Hong Kong, 12 May 2014: Corporate confidence and fundamentals favour developed over emerging markets, with the US widely regarded as the standout economy, according to Fidelity Analyst Survey.
The survey of 128 Fidelity analysts based in Europe and Asia, also 43% of the companies they covered are more confident or a lot more confident about the year ahead compared to last year, reflecting the strength of the recovery, a return to ‘fundamentals’ after a period of protracted uncertainty and management caution. Analysts covering developed markets are more confident than analysts covering emerging markets, and analysts covering financial, industrial and consumer discretionary stocks are the most confident about management investing in their businesses.
The survey also found that company management are expected to maintain (43%) or moderately increase (36%) their capex plans. As a result of this cautious optimism, companies are starting to spend some of the cash sitting on balance sheets with the focus on shareholder-friendly activity, bolt-on M&A and increases in dividend payments rather than aggressive capital expenditure (capex) growth. There was a more positive response in the US and Europe relative to Asia, reflecting some of the current headwinds facing the region’s emerging economies amid QE tapering. However, Japan is the only place where companies are expected to put their capex focus heavily on growth.
Commenting on the findings of Fidelity’s latest Analyst Survey, Leon Tucker, Head of Equity Research, Asia Pacific at Fidelity Worldwide Investment, said: “This year’s survey suggests company management teams are more confident in their businesses and put their focus back to capital allocation. We expect market leadership to refocus on quality franchises, particularly those in the intellectual property sectors, such as pharmaceuticals and technology.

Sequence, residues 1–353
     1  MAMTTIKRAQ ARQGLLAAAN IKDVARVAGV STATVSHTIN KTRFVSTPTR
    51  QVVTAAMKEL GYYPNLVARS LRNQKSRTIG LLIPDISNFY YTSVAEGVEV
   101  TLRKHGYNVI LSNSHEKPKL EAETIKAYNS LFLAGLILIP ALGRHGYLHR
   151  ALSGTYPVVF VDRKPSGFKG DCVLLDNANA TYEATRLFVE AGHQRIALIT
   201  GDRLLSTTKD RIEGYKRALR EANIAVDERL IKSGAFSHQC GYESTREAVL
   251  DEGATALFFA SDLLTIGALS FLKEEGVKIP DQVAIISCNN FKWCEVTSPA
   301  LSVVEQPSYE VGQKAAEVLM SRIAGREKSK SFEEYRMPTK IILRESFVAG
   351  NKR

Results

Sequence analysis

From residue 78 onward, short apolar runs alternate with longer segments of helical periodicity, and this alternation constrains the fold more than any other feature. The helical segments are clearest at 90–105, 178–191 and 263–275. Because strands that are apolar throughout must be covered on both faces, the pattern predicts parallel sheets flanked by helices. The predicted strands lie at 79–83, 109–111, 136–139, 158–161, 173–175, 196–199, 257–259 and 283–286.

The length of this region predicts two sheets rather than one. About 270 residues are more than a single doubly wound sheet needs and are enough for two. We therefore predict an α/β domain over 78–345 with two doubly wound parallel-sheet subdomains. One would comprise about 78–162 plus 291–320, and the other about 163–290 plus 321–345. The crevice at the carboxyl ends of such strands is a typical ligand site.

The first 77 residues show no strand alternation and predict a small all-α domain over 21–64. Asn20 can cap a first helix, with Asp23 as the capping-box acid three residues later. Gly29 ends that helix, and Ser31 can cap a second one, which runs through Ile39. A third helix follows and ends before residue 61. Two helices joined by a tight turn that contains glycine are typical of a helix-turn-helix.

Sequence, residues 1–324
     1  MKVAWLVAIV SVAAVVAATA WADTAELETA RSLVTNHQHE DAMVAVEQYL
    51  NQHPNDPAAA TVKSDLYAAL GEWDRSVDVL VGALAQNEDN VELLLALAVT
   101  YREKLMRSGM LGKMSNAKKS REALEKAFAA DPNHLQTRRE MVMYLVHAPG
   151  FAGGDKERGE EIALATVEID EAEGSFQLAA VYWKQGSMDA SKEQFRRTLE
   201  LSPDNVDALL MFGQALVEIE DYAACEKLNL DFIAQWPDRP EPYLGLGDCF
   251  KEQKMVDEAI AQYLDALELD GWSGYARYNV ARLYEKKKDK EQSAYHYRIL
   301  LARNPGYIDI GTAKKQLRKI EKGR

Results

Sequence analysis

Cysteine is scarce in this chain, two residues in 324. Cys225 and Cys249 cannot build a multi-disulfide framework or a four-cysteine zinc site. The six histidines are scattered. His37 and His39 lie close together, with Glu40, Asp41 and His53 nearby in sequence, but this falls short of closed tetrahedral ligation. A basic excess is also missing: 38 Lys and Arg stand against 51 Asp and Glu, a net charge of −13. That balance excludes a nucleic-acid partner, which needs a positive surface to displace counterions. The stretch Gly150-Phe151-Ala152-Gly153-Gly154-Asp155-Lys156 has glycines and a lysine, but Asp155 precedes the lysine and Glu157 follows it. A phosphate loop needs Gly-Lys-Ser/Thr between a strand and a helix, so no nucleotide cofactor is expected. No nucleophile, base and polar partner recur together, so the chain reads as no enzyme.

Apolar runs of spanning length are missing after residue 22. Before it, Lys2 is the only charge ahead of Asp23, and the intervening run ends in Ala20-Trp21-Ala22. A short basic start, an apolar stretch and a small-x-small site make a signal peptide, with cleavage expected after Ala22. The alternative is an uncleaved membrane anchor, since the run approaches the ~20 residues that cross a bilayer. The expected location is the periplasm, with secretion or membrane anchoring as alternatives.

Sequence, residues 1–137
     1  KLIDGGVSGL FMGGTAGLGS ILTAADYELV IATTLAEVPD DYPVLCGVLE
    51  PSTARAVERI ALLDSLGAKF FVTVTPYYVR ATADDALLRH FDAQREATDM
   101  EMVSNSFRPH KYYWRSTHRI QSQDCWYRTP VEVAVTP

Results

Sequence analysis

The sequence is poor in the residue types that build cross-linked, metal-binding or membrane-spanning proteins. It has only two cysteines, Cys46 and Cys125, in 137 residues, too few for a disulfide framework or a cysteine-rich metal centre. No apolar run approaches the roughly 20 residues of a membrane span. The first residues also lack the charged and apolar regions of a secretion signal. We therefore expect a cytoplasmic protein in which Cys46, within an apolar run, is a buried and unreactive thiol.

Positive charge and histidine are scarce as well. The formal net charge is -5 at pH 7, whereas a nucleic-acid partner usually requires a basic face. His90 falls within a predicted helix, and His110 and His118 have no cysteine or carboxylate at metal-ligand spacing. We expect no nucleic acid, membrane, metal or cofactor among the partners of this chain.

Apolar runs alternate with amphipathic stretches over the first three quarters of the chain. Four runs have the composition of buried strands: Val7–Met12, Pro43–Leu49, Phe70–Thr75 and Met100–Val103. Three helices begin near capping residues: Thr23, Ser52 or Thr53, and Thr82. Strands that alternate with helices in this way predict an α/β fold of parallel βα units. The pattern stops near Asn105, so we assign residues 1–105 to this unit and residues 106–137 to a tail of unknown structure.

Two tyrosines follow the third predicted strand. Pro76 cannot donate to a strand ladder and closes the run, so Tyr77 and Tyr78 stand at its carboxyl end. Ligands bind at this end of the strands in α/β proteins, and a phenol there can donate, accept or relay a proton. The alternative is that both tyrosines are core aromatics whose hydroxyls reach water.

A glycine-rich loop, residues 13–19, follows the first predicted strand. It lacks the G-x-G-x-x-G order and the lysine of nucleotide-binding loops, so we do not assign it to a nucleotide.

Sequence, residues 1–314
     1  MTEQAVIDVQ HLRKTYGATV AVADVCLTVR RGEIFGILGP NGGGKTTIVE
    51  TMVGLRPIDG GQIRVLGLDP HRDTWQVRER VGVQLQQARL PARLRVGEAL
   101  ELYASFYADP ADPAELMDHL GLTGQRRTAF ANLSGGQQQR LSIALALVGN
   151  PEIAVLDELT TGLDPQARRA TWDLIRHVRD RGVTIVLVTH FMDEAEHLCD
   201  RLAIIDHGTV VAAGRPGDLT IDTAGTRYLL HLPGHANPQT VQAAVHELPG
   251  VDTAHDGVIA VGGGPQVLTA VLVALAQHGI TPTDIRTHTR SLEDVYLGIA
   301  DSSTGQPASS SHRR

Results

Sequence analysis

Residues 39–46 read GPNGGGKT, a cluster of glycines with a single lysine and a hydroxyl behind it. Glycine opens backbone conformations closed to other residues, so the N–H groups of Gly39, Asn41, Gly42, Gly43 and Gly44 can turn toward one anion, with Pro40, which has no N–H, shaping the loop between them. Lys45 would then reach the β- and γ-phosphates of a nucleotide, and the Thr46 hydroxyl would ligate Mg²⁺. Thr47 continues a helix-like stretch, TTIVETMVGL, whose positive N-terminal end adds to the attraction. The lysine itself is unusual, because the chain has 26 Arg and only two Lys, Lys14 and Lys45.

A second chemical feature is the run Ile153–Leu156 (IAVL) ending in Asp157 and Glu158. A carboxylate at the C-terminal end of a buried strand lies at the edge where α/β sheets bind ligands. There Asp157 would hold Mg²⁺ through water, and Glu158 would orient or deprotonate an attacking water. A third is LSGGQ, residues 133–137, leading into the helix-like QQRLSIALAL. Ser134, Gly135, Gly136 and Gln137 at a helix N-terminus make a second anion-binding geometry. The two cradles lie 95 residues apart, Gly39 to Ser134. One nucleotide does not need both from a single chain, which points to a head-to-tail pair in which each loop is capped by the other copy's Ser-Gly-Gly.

“We believe that the equity market will revert to rewarding the best allocators of capital that creates shareholder value. Instead of risk-on, risk-off sentiment caused by macro-economic factors, fundamental stock-specific drivers are likely to explain a larger part of investment returns. Bottom-up research process is critical to identify long-term winners with strong fundamentals in today’s environment.”
From a fixed income perspective, the credit cycle is maturing as leverage creeps higher and valuations tighten. Event risk will be the dominant theme for credit investors over the next 12 months, which creates both winners and losers in the bond market.
Gregor Carle, Investment Director, Fixed Income at Fidelity Worldwide Investment, said: “Although there is a deteriorating of balance sheet fundamentals, only 26% of our analyst surveyed reported balance sheets as being stretched, In our survey, China comes out as a key geography in terms of having weaker balance sheets, consistent with reported signs of credit expansion in the economy. However, we don’t think a credit crisis will happen in China given the strong liquidity support from the government.”
The Fidelity Analyst Survey is run annually and presents a temperature check of corporate confidence and identifies some of the long-term investment themes expected to shape the global economy and investment markets in the years ahead. The survey garnered responses from 128 analysts based in Europe and Asia and provides a rare insight into Fidelity’s fundamental investment process.
A summary of some of the key findings can be found below:
A return to fundamentals
After an extended period of uncertainty and corporate caution, management confidence and animal spirits are returning to economies and stock markets. Management teams are now no longer worried the world will end; the big tail risks of financial system collapse or contagion have become progressively less likely. Capex is expected to recover from historically low levels, although the magnitude and pace looks likely to be more muted than the consensus belief. Two of the largest historic contributors to capex in absolute terms have been energy and materials, yet these sectors produced the highest negative results in the survey. Healthcare and consumer discretionary, on the other hand, were the sectors which led the way in terms of analyst expectations of capex increases.
A preference for developed markets with the US widely regarded as the standout economy
In terms of geographies, the survey produced a marked divide between developed and emerging markets. This is unsurprising, given the current environment of a stronger dollar and fall-off in commodities demand. The US came out strongest in terms of business confidence, capex outlook, dividend growth potential and balance sheet health. In terms of sectors, a related divide was also prominent; the sectors that polled more positively across the board were the knowledge economy sectors of pharmaceuticals, technology and financials, as well as consumer.